Very happy businessman

We have talked about the key components of successful sales compensation plans that include:

  • Timing and frequency of changing compensation plans
  • Aligning comp plans with the top and bottom lines of the business. Strategic and tactical goals
  • Rewarding the behavior you need to run the business
  • More complex products generally require richer compensation programs
  • Paying for influence, how much the role affects the customer buying decision is tied to how much you will reward that effort
  • Essential components of a solid plan, the right blend of salary, commissions, bonus and kpi’s
  • Pay on revenue or margin or a combination of both
  • Milestones, gates and hurdles, how steep to make the hills in your plan
  • Accelerators or straight line compensation
  • The limits of what you can manage with your compensation

“Nothing happens until somebody sells something” accredited to either management guru Peter Drucker or James J. Watson of IBM

It can also be said, that nothing happens until somebody pays for what was sold, an axiom that every small business owner knows very well. So, aside from all the basic building blocks of your comp plan, a good fiscal idea is to take this into account when you build the plan. I have seen salespeople take advantage of plans based on ‘bookings” or orders, get the commission and leave town, the owner sad to discover the sale really never happened.

Depending on your transactional volume and sales cycle, this can be managed by the average pay cycles. It is prudent to build payments into the body of the plan, no ticky no laundry as they used to say. Which leads to another and often overlooked part of managing sales plans. Everything must be in writing, and the plans must be explained acknowledged and signed. No exceptions unless you enjoy spending time at the Labor Board and writing big checks to people who no longer work for you.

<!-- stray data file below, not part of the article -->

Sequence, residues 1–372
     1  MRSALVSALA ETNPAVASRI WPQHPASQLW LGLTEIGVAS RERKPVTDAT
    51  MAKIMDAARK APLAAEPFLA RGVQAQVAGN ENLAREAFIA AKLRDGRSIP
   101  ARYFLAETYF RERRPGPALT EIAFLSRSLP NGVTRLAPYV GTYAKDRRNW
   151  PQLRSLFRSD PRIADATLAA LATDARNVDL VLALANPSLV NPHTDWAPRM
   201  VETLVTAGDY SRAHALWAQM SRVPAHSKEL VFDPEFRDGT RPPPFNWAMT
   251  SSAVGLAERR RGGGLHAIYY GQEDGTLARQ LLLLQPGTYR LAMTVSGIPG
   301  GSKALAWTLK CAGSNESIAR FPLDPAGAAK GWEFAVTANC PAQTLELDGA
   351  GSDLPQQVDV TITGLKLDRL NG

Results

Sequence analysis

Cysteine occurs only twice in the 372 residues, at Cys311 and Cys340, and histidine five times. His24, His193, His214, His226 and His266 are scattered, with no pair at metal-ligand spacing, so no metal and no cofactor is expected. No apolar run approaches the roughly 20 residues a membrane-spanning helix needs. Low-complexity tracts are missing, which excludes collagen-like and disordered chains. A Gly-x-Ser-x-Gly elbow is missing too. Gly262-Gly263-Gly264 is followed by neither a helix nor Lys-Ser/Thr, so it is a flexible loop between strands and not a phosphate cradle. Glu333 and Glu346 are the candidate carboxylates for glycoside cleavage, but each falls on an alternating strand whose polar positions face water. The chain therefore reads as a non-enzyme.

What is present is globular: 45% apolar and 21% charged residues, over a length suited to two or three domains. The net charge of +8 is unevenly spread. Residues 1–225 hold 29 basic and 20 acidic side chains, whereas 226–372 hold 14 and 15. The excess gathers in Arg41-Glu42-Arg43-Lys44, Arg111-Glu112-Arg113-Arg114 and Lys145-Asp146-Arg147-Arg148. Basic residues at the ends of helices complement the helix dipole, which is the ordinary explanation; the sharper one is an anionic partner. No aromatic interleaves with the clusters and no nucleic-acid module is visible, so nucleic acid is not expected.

It is often said that salespeople are “coin operated” but are they?

“Out of the nearly 20 million sales professionals, a mere 20 percent make a whopping 80 percent of all sales.” Herbert Greenberg

Is it the paycheck that drives their behavior or the need to win, the need to be on top in a competitive business environment? While my experience shows that all sales people are not simply working for the fat paycheck, there is often a mix of the need for recognition as well as being justly rewarded for their efforts. It is very true that most salespeople will manage their business efforts to maximize the benefits of their compensation plan. And this is not really a bad thing, unless you as the owner or manager fail to understand how this works. When you do, you can sculpt the right plan to drive the behavior you need, the results you want and the rewards your sales team strives for…